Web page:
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A new poll shows 50% of voters have already decided not to support Trump

According to a new poll by Monmouth University, President Trump is slated to be the first one-term president since 1993. The poll, released Thursday, adds to recent worrying results for Trump. It also reflects a specific challenge that Trump is facing, which is that a significant amount of voters have apparently already decided they won't vote for him — more than have decided they're definitely voting for his likely Democratic opponent, Joe Biden.

With four months until November's general election, the results from this poll are telling. The poll found that 53% of registered voters support Biden and 41% plan to back the president. According to respondents, Biden is likely to edge out Trump even though he himself is decreasing in popularity: Monmouth wrote in its results that "overall, 21% of all registered voters do not have a favorable opinion of either party’s nominee."

This scenario in which voters aren't keen about either candidate isn't so different from the 2016 presidential election. Then, 53% of voters felt unfavorably about Trump, according to Monmouth. Of course, Trump overcame those numbers to win four years ago, and with his unfavorable rating hovering around a similar 55% per Monmouth's latest poll, perhaps he could defy the odds again.

Still, a lot has changed politically and socially since his last run for office. First, many voters have an unfavorable opinion specifically about how Trump has dealt with the coronavirus pandemic, which as of July 2 has killed upward of 128,000 Americans. But there's another reason why 50% of registered voters say they won't support Trump and only 39% said the same thing about Biden: "Concerns about the two septuagenarians’ faculties have become prominent in recent media coverage and internet memes."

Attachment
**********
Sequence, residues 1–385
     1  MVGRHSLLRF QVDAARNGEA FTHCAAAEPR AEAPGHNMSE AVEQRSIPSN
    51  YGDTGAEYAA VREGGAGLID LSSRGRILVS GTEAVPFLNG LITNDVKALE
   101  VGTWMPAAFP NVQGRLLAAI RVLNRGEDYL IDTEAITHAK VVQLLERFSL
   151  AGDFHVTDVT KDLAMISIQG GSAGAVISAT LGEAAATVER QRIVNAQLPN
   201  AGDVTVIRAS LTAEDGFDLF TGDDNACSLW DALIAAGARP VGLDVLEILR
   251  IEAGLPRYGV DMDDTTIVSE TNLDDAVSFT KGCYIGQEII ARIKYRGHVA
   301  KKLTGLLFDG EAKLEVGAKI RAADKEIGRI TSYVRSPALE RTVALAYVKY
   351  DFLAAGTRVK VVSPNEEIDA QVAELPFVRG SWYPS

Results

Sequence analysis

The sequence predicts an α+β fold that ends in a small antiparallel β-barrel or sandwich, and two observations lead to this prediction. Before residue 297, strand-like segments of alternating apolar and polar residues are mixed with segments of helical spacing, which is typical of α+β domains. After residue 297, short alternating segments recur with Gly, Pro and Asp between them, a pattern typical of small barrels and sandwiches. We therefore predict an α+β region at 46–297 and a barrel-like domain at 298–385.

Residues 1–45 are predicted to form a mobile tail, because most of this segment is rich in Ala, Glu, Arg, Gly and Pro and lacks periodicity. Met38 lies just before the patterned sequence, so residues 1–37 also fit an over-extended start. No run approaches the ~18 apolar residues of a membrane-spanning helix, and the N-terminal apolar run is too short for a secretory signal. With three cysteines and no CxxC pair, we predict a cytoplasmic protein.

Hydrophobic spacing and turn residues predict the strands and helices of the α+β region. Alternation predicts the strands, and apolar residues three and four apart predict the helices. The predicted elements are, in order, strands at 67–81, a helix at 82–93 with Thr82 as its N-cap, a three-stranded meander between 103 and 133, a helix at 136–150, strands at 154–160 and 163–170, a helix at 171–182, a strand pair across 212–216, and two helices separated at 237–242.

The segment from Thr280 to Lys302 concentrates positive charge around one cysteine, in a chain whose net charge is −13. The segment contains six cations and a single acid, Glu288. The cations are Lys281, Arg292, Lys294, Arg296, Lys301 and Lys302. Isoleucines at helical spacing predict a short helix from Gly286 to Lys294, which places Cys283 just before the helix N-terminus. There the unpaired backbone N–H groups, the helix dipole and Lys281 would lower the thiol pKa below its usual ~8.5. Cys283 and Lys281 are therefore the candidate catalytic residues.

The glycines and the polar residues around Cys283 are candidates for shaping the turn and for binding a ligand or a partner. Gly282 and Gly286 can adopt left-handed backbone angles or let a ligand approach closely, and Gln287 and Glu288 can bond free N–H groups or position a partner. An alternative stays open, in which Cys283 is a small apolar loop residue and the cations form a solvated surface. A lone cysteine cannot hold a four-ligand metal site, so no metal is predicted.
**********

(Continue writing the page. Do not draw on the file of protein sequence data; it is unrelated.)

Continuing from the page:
Just 52% of voters surveyed were at least "somewhat confident" in Biden's mental faculties and physical stamina. Only 45% of voters felt the same about Trump. But more Trump voters than Biden voters say that they're confident in the health of their candidate of choice, which Monmouth University Polling Institute Director Patrick Murray said is due to Trump supporters' tendency to "offer [their] support without qualification."

Biden has enough delegates to clinch the Democratic nomination, but he won't be the official candidate until the nominating convention in August. His campaign overcame a lackluster start en route to victory — he came in fourth in the Iowa caucuses — but has experienced some lack of enthusiasm among voters. Earlier this year, too, the candidate was hit with a sexual assault allegation that hasn't gone away, while the most progressive voters worry he's too middle-of-the-road for the moment.

Conducted between June 26-30, the poll interviewed 733 registered voters by phone. It has a margin of error of 3.6 percentage points.